History's Great Untold Stories: Obscure Events of Lasting Importance

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Allen & Unwin, 2006 - 367 pages
'History's Great Untold Stories' opens readers' eyes to important places, events and peoples that have been ignored, yet directly affected our history.

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User Review  - MiaCulpa - LibraryThing

An interesting, well-written book that broadly delivers on its title. Sure, I'd heard all about the Armenian Genocide, the Cadaver Synod, Tasmania's Black War, the Taiping Rebellion and others, there ... Read full review


The Most Controversial Trial in History
The Leper King of Jerusalem
Genghis Khans Greatest Strategist
The Marco Polo of the East
The Treasure Fleet
The Shot That Echoed Through the Centuries
The Shimabara Uprising and the Disappearance of Japan
John Wesley Powell and the Shaping of the American West
How the World Was Changed by Bird Droppings
The Fighting Women of Dahomey
The Story of John Devoy
Queen Min and the Battle to Save Korea
The First Modern Genocide
The San Francisco Plague
Blessed Assassin of the Armenian Nation

Father of American Civil Liberties
The Battle of Poltava and the Fall of the Swedish Empire
Vitus Bering and the Russian Discovery of Alaska
Francisco Dagohoy and the Rebels of Bohol
The British Abolition Movement
North Americas Greatest Geographer
The Great Conciliator of Van Diemens Land
American President of Nicaragua
The SecondWorst Conflict in History
Explorers of the Deep
The Search for the Origins of the Aryan Race
A Lesson Not Learnt
The Death of the Mexican Counterculture

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Page 215 - Whenever any citizen of the United States discovers a deposit of guano on any island, rock, or key, not within the lawful jurisdiction of any other government, and not occupied by the citizens of any other government, and takes peaceable possession thereof, and occupies the same, such island, rock, or key may, at the discretion of the President, be considered as appertaining to the United States.
Page 101 - Three days and nights my business forced me to lodge and mix with the bloody Pequod ambassadors, whose hands and arms, methought, reeked with the blood of my countrymen, murdered and massacred by them on Connecticut river, and from whom I could not but nightly look for their bloody knives at my own throat also.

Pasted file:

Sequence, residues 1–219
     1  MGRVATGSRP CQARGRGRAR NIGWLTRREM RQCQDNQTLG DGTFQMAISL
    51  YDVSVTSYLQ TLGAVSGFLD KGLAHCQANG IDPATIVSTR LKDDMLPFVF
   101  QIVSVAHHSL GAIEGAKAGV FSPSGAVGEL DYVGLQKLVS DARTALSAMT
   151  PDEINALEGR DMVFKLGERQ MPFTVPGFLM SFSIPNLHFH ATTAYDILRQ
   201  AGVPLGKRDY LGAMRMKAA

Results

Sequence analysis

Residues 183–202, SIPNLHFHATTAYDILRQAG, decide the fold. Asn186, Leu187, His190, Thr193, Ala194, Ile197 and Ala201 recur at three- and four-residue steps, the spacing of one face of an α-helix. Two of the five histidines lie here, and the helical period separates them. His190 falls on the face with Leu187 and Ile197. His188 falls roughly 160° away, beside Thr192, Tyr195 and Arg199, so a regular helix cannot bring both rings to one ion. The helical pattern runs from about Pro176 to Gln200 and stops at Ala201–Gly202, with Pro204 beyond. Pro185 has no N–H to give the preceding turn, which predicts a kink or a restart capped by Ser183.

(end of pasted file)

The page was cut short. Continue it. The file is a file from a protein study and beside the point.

Page 204 - We have an unknown distance yet to run; an unknown river yet to explore. What falls there are, we know not ; what rocks beset the channel, we know not ; what walls rise over the river, we know not. Ah, well! we may conjecture many things. The men talk as cheerfully as ever; jests are bandied about freely this morning; but to me the cheer is somber and the jests are ghastly.
Page 142 - Mill, in Hertfordshire, I sat down disconsolate on the turf by the road-side, and held my horse. Here a thought came into my mind, that if the contents of the Essay were true, it was time some person should see these calamities to their end.
Page 215 - ... acquired by the United States by consent of the legislature of the State in which the same shall be, for the erection of a fort, magazine, arsenal, dockyard, or other needful building. (4) Any island, rock, or key containing deposits of guano, which may, at the discretion of the President, be considered as appertaining to the United States.
Page 183 - They are but drivellers who speak of establishing fixed relations between the pure white American race, as it exists in the United States, and the mixed Hispano-Indian race, as it exists in Mexico and Central America, without the employment of force. The history of the world presents...
Page 104 - It is the will and command of God that (since the coming of his Son the Lord Jesus) a permission of the most Paganish, Jewish, Turkish, or anti-christian consciences and worships be granted to all men in all nations and countries...
Page 183 - His head was surmounted by a huge white fur hat, whose long nap waved with the breeze, which, together with a very ill-made short-waisted blue coat, with gilt buttons, and a pair of grey, strapless pantaloons, made up the ensemble of as unprepossessing-looking a person as one would meet in a day's walk.

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